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updated: 11/20/2013 8:23 AM

DePaul beats Milwaukee 80-71

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Associated Press

MILWAUKEE -- Playing its fourth game in five days proved to be too much for Milwaukee, even coming off a four-game winning streak.

The Panthers, who finished in last place last season in the Horizon League, stayed with DePaul most of the way in their home opener Tuesday. But fatigue, plus superior play from a Big East foe in the Blue Demons, conspired against them.

Cleveland Melvin scored 20 points and Brandon Young added 19 as the Blue Demons, last-place finishers in the Big East last season, pulled away in the second half for an 80-71 win in their first road game of the season.

Milwaukee's Matt Tiby also scored 20 and pulled down a game-high 11 rebounds. Kyle Kelm added 16 points off the bench.

"We asked these young men to do something I thought was something that was going to be very difficult for a team that's as inexperienced as we are, and play as many games as we did in a short turnaround," said Milwaukee coach Rob Jeter, who recalled his late father, Green Bay Packers defensive back Bob Jeter.

"Having my father, who played for the Pack, one of the quotes he said was, `Fatigue makes cowards of us all.' And you get tired at about the 10-minute mark (of the second half). You can see it. Mentally we break down."

DePaul coach Oliver Purnell expected a battle, but knew the Panthers would be tired.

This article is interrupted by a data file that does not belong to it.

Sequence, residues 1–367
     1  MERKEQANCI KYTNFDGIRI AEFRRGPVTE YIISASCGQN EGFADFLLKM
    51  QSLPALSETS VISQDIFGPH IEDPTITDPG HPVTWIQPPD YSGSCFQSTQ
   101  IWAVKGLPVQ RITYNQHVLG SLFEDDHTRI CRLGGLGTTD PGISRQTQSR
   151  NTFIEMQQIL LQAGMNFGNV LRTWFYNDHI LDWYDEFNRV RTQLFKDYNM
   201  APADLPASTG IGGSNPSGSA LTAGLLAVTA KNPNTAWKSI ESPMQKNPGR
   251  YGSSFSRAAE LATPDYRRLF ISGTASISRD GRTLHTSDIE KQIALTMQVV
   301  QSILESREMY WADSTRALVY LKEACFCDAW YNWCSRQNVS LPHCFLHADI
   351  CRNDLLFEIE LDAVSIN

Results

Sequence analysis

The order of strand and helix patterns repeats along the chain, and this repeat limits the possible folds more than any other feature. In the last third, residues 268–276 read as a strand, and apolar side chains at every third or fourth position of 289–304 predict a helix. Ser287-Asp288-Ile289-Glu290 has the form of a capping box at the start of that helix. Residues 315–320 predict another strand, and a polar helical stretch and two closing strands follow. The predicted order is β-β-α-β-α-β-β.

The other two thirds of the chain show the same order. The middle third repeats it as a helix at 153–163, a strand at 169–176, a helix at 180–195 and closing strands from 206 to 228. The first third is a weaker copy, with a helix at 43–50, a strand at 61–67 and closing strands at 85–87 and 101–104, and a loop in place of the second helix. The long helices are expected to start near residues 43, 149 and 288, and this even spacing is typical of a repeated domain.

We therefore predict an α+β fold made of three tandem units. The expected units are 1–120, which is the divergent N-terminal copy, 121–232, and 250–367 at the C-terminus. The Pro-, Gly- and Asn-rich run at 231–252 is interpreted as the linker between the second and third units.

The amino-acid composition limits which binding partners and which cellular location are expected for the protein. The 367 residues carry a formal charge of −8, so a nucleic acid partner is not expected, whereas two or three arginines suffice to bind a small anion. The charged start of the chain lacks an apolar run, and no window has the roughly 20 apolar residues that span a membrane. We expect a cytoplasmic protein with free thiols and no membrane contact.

"That was a real solid road win for us," he said. "Milwaukee was playing well and feeling good about themselves. This was their first home game, so we expected it would come down to the wire.

"We tried to go quick and athletic in the second half. They had played a lot of games in a short amount of time and I think that showed up, but I think their size showed up as well."

The Blue Demons (3-1) had defeated Wright State of the Horizon League, 81-72, on Saturday.

The Panthers (4-2) claimed the NIU Invitational over the weekend, defeating host Northern Illinois on Sunday, 82-69, in the championship game in DeKalb.

The first half was tight, with neither team leading by more than four points. DePaul shot just 39.4 percent and Milwaukee just 33.3 percent.

The game was tied at 32 at halftime after Tiby was fouled on a putback and made a free throw to convert a three-point play.

But Milwaukee missed two threes and was forced to call a timeout barely a minute into the second half after DePaul jumped to a 37-32 lead on a layup by Young and a three-pointer by Melvin.

"We wanted to come out in the second half and hit them first, get a good lead, some momentum," said Young. "We played good team defense and communicated with each other."

DePaul gradually built a lead, going up 63-49 on a dunk by guard Charles McKinney with just over seven minutes remaining. Milwaukee would get to within six, at 73-67 with just over a minute left when Tiby made a layup.

But that's as close as Milwaukee would get.

"We get that stretch in the second half where I just think we broke down," said Jeter. "We challenged our guys, which is always a good thing. But at times it looked like they (DePaul) were on another level, just because of their length and athleticism."

Purnell said he worried Milwaukee would hurt his team with three-point shots. The Panthers tried 16 of them in the first half, but made only 7 of 25 (28 percent) in the game.

"We felt like they needed threes to beat us," Purnell said, "so as long as they were getting twos, we could live with that."

DePaul was effective getting the ball inside after the break, which was reflected in 60.7 percent shooting in the second half. The Blue Demons also hit 9 of 18 threes for the game, including four by Melvin.

"You never know with Cleveland," said Young. "He can take over at any moment. He can play inside or outside. When he's inside, we don't think he can be stopped. He's a great all-around player."

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